DES MOINES, Iowa -- As protests continue over President Trump's temporary visitation bans from seven countries and indefinite Syrian refugee halt, the president is standing by his decision.
"We actually had a very good day yesterday in terms of homeland security," said President Trump. "Someday we had to make the move, and we decided to make the move."
The president has not yet offered any further thoughts on the executive order, but many reactions have been seen throughout the country.
Critics of the ban gathered at airports nationwide, calling the ban anti-Muslim.
Democratic senators are expected to introduce legislation aimed at overturning President Trump's order.
Iowa Republican Senator Joni Ernst issued a statement with a word of caution. She wrote, "it is prudent to take the time necessary to reassess the quality and adequacy of the vetting processes we rely on for our refugee and visa programs. With respect to the President’s Executive Order, there must be more clarity surrounding the order’s implementation. In our efforts to protect our nation from ISIS, we also must ensure we are not inadvertently penalizing our allies in the fight against radical Islamic terrorism– especially those who have supported U.S. military efforts in Iraq."
She also noted that the United States must also address the underlying cause of the crisis by destroying ISIS.
Governor Branstad says the ban is a federal issue, but adds that the move should have been expected.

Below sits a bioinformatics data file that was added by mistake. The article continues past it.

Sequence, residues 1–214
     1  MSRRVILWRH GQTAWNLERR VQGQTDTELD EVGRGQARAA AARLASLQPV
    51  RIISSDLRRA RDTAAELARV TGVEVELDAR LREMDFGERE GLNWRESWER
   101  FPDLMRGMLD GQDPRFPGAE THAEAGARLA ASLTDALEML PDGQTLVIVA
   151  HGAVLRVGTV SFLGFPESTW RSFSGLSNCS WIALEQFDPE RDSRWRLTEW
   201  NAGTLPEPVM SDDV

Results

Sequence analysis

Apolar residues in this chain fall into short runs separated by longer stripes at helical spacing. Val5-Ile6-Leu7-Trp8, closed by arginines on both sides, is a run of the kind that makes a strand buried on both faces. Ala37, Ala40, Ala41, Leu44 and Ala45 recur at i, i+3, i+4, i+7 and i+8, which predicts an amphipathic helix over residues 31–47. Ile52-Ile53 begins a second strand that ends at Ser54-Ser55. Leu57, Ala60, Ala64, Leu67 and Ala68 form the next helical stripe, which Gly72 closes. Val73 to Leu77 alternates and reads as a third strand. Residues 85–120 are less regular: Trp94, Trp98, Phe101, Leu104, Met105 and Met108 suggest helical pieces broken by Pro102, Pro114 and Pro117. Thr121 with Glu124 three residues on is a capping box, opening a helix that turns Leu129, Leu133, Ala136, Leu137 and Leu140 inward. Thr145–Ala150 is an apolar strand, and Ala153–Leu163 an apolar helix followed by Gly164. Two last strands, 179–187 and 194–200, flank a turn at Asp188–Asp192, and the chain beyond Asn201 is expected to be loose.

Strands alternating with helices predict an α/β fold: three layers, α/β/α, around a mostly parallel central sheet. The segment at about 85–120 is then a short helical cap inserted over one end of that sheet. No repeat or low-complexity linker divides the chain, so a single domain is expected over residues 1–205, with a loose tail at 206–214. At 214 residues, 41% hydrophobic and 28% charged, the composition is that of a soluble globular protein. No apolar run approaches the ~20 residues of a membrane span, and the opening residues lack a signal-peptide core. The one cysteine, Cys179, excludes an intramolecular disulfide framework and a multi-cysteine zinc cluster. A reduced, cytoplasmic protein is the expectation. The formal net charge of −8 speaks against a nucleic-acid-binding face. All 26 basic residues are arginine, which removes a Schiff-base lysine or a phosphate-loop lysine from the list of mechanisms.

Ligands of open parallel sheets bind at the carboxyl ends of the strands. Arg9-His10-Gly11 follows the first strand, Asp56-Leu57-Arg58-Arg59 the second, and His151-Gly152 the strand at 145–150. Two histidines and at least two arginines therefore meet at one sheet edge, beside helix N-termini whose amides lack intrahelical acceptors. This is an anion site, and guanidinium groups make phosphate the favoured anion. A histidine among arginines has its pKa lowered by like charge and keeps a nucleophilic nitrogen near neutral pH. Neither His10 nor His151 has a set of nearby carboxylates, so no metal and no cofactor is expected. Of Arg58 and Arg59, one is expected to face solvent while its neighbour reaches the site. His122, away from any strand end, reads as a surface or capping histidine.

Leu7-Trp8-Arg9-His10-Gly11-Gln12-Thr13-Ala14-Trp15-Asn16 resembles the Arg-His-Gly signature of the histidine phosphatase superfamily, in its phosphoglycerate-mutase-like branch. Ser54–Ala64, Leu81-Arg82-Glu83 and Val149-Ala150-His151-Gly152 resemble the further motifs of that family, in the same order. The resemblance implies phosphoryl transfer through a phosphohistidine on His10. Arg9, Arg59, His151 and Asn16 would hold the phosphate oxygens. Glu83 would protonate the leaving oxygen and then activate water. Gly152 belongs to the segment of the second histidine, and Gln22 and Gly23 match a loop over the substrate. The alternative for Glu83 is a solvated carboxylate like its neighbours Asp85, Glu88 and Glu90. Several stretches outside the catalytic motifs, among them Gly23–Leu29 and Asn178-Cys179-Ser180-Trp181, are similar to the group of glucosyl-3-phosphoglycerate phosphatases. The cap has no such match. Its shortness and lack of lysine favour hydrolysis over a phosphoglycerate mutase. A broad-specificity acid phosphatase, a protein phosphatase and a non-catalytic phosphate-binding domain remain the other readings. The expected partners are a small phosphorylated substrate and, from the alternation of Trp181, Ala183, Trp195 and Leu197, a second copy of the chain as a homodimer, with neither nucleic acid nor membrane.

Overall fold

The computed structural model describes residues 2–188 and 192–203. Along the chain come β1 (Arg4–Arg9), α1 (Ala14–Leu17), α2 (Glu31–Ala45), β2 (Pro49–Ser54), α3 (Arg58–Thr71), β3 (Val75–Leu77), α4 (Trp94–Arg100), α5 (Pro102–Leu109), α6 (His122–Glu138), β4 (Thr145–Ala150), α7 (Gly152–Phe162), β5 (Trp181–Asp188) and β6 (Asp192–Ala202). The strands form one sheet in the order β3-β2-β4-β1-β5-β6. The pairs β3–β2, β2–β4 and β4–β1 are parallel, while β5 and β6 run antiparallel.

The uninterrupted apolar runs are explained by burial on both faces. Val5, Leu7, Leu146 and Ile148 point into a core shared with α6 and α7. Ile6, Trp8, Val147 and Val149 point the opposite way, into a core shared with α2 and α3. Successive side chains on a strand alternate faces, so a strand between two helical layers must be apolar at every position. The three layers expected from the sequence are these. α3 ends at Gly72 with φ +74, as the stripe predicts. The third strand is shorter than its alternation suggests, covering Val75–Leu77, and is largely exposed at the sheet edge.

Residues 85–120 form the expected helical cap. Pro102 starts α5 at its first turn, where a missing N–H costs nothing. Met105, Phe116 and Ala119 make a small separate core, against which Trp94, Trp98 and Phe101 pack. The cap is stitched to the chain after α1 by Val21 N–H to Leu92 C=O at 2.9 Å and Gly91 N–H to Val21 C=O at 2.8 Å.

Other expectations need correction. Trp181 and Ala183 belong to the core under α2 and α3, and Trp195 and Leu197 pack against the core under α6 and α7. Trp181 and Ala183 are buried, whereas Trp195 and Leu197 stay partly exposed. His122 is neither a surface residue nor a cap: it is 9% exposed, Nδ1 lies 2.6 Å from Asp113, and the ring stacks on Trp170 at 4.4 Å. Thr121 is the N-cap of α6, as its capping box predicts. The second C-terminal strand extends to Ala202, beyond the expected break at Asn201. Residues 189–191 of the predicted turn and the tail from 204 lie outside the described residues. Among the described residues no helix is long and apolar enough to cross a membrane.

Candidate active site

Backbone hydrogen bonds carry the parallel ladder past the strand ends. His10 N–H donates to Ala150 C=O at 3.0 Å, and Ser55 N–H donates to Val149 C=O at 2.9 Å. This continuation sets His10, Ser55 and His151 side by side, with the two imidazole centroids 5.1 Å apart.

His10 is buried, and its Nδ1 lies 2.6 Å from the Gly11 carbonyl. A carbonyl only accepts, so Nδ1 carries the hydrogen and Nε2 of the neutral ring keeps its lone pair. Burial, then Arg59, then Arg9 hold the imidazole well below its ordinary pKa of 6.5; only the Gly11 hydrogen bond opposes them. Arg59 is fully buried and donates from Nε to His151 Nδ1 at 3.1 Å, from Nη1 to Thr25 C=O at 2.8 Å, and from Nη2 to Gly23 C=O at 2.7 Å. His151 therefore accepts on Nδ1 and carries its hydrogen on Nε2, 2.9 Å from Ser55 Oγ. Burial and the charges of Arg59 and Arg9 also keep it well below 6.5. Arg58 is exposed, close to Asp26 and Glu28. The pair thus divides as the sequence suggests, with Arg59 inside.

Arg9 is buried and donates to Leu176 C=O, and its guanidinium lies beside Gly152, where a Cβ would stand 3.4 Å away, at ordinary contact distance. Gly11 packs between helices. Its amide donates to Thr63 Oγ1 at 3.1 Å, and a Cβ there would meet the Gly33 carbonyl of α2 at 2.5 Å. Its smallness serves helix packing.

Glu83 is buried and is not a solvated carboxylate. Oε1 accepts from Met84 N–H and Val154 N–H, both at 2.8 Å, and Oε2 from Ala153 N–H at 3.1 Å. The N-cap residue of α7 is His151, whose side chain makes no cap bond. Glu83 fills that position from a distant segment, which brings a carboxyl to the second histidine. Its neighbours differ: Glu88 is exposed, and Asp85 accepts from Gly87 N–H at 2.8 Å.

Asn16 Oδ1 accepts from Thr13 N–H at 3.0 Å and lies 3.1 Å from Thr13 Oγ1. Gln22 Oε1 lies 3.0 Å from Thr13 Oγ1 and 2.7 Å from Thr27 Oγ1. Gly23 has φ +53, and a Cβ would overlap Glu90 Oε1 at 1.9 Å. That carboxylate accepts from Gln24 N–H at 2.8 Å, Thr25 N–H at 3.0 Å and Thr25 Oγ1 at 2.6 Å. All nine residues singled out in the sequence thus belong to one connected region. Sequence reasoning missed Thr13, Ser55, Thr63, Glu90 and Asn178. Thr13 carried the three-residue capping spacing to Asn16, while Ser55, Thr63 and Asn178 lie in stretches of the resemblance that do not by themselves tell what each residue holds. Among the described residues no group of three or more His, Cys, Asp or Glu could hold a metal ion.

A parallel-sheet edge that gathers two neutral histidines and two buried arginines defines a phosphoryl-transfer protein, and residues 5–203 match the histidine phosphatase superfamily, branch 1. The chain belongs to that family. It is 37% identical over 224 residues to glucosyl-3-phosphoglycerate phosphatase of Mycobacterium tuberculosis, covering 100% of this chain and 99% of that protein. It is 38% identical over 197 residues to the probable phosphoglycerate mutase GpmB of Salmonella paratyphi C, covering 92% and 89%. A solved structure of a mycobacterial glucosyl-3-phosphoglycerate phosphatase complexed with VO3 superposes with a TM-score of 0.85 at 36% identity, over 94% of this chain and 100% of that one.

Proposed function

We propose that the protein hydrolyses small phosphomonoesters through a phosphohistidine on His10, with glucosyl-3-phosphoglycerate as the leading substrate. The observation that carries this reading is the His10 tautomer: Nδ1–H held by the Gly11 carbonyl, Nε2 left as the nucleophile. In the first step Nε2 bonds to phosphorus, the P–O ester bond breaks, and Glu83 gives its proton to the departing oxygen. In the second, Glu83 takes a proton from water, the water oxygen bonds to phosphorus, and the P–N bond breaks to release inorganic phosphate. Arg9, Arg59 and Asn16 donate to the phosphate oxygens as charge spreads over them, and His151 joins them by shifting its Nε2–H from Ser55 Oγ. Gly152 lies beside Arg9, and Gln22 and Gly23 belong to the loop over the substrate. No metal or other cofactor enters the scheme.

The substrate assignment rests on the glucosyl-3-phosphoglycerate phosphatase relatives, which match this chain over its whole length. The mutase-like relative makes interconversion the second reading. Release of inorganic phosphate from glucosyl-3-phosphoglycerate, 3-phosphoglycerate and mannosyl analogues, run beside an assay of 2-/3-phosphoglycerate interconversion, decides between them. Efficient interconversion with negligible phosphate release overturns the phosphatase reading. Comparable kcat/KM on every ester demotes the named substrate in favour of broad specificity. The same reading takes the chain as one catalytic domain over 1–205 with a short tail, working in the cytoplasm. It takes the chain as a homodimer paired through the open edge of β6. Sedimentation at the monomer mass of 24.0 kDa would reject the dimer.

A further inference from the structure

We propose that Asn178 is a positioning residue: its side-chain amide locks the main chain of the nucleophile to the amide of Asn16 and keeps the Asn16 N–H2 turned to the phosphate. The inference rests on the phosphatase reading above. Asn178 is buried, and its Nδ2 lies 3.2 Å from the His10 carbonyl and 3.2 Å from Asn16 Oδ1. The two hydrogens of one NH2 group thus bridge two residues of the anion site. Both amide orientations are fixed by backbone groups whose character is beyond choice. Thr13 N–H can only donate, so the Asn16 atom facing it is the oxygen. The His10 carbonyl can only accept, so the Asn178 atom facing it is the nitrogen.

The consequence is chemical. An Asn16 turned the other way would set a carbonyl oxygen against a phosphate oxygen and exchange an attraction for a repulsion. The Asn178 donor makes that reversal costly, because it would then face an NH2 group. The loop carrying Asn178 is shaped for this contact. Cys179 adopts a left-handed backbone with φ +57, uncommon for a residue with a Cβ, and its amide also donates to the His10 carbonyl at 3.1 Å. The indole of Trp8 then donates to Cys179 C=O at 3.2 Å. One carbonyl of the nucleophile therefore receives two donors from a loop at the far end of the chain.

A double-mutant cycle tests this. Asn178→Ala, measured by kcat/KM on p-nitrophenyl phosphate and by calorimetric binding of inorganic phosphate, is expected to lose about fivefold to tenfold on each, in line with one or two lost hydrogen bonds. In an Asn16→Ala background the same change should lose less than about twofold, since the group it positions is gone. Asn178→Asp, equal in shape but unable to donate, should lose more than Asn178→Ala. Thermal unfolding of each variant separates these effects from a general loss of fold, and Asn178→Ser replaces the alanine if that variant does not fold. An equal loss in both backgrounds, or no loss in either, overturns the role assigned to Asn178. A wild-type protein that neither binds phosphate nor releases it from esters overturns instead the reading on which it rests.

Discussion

"This should not have been a surprise to anybody," he said. "The president campaigned on, uh, taking action to prevent people from coming from countries that don't have stable governments, where there's significant Islamic radical extremist activity. And again, this immigration is a federal issue, it's not something that the state is directly involved in, we want to protect the safety and well-being of our citizens."
Governor Branstad said university students should not worry about the ban, but did warn them it could be dangerous to travel back to their home countries.
However, some students at Iowa State University are concerned.
There are currently 115 students from the countries identified in the executive order attending Iowa State; the majority of these students are from Iran.
The university says it is aware of three people directly affected by the travel ban, including a school researcher and an Iranian scholar scheduled to visit Iowa this week. Both individuals remain in Iran.
An Iranian graduate student was also denied permission to board his flight to the U.S. from Sweden.
Des Moines Public Schools are also addressing the ban. On Monday, School Board Chair Teree Caldwell-Johnson and Superintendent Tom Ahart released a joint statement, saying, "To all of our students who are immigrants or refugees – and to their friends and classmates and teachers who are also concerned because of these recent events – know that you belong here and Des Moines Public Schools stands by you."